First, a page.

Last year giant hogweed was reported at 486 spots along Flemish roads. The figure is up from 339 the previous year.
Giant hogweed arrived here from the Caucasus in the 19th century. The plant's watery sap contains chemical substances that are activated under sunlight. Contact with the skin can lead to serious burns. The Roads Agency takes note of all sightings. The rise in the number of sightings is being linked to the extra attention this plant is getting. In East Flanders sightings rose from 9 to 37 in only one year.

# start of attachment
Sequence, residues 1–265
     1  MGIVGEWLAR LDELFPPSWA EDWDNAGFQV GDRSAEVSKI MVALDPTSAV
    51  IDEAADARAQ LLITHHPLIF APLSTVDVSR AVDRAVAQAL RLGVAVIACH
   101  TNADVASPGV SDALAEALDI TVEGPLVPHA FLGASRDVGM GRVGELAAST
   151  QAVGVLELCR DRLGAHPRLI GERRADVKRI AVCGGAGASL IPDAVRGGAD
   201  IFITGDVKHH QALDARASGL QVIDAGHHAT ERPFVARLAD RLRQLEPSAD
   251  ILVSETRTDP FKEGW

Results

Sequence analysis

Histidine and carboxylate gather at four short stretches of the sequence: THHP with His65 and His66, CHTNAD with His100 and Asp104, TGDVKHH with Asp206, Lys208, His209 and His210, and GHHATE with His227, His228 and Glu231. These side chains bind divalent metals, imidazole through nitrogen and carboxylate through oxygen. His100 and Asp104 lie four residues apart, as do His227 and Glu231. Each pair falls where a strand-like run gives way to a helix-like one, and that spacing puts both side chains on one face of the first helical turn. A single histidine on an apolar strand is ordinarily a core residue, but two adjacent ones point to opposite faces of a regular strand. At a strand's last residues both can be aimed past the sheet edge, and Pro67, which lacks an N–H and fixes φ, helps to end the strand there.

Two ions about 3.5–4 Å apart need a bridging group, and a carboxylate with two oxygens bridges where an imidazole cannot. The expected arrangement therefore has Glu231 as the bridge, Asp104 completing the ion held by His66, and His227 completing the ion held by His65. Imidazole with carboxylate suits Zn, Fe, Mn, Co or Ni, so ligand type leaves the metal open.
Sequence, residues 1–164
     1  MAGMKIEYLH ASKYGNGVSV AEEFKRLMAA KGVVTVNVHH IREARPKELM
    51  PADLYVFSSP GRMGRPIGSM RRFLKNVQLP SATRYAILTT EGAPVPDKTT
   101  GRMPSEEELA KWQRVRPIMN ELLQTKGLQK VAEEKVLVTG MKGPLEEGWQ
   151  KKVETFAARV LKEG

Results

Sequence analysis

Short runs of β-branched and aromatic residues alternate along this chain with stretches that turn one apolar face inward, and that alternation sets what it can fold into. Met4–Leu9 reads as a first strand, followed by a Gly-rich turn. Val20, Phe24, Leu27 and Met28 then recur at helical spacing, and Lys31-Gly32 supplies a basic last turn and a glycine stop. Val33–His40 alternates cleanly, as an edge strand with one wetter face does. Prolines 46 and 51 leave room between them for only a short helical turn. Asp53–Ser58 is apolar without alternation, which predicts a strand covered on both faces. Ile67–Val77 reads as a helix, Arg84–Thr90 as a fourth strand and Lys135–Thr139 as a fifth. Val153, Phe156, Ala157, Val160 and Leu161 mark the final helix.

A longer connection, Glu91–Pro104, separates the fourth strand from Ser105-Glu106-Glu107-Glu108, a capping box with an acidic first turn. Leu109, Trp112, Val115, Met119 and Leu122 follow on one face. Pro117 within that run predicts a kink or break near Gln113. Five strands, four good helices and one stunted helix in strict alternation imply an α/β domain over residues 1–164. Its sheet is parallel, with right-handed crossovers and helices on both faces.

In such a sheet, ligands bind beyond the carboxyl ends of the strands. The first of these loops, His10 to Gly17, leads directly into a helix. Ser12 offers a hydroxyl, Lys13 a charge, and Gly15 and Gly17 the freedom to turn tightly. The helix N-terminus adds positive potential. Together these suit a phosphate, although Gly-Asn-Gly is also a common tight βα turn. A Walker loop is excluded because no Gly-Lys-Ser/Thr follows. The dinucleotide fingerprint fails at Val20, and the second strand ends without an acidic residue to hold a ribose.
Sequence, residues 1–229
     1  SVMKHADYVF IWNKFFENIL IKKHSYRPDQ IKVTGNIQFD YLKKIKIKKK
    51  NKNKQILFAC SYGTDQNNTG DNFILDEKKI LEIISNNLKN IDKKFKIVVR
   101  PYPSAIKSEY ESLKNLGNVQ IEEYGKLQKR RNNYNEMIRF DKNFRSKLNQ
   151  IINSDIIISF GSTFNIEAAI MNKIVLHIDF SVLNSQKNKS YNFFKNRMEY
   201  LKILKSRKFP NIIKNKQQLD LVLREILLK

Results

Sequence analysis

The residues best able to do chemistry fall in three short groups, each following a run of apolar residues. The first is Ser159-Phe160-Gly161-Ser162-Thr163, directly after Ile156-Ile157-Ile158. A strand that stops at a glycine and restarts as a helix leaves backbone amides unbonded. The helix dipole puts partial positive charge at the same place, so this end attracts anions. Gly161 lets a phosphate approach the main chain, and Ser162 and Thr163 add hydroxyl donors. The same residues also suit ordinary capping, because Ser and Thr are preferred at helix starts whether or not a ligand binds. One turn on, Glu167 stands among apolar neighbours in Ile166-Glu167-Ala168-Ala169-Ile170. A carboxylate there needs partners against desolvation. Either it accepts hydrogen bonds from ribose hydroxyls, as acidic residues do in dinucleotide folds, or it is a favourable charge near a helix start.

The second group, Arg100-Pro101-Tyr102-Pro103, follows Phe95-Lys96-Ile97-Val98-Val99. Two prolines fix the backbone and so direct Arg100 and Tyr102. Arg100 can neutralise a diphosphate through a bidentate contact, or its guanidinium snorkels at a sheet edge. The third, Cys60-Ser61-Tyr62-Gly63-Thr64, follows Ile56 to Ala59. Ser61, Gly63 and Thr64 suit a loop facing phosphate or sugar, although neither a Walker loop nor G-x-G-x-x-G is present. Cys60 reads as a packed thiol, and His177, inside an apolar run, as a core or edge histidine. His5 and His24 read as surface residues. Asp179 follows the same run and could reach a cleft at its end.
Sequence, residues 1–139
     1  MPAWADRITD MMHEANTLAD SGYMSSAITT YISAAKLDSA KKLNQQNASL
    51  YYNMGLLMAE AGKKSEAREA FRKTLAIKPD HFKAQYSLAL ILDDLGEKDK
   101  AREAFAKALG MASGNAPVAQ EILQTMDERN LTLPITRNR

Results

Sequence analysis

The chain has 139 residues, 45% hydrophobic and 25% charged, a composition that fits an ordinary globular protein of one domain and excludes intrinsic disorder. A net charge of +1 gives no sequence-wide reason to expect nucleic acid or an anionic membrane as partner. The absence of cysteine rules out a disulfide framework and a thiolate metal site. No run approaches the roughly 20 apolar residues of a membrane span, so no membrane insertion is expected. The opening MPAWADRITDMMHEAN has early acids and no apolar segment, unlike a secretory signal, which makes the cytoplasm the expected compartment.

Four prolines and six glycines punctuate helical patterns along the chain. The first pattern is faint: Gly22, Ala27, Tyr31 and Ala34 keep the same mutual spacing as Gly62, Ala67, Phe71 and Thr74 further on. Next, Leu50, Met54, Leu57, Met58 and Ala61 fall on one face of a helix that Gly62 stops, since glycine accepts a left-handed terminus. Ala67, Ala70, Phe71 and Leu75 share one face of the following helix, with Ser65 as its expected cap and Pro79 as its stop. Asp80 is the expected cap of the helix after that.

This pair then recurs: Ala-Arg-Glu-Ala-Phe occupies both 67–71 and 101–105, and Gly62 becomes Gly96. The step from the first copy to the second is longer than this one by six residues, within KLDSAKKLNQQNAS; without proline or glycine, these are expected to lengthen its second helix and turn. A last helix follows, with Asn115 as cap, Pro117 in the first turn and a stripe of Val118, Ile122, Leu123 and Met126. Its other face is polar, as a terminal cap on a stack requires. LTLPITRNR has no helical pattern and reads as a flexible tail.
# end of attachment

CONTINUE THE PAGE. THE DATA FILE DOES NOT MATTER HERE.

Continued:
If the plant has not gained a major foothold it is simply pulled out. Larger cultivations are mowed three times a year for seven years.